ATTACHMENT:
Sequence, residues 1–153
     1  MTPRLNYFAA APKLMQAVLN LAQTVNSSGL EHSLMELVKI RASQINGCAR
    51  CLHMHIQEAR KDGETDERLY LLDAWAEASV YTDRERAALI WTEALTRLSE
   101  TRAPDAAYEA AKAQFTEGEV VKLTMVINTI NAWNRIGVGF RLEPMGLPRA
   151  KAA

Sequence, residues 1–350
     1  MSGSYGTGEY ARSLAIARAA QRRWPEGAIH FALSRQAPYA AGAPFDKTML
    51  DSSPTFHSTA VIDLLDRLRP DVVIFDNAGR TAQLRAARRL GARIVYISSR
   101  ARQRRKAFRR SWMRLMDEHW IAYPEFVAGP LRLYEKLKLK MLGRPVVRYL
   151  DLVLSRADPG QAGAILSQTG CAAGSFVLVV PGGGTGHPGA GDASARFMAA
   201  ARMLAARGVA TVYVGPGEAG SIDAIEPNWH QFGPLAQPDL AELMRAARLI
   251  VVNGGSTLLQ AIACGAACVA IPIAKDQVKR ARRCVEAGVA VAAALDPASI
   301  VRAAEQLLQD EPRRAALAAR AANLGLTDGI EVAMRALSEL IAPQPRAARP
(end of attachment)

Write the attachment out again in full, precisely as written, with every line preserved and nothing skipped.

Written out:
Sequence, residues 1–153
     1  MTPRLNYFAA APKLMQAVLN LAQTVNSSGL EHSLMELVKI RASQINGCAR
    51  CLHMHIQEAR KDGETDERLY LLDAWAEASV YTDRERAALI WTEALTRLSE
   101  TRAPDAAYEA AKAQFTEGEV VKLTMVINTI NAWNRIGVGF RLEPMGLPRA
   151  KAA

Sequence, residues 1–350
     1  MSGSYGTGEY ARSLAIARAA QRRWPEGAIH FALSRQAPYA AGAPFDKTML
    51  DSSPTFHSTA VIDLLDRLRP DVVIFDNAGR TAQLRAARRL GARIVYISSR
   101  ARQRRKAFRR SWMRLMDEHW IAYPEFVAGP LRLYEKLKLK MLGRPVVRYL
   151  DLVLSRADPG QAGAILSQTG CAAGSFVLVV PGGGTGHPGA GDASARFMAA
   201  ARMLAARGVA TVYVGPGEAG SIDAIEPNWH QFGPLAQPDL AELMRAARLI
   251  VVNGGSTLLQ AIACGAACVA IPIAKDQVKR ARRCVEAGVA VAAALDPASI
   301  VRAAEQLLQD EPRRAALAAR AANLGLTDGI EVAMRALSEL IAPQPRAARP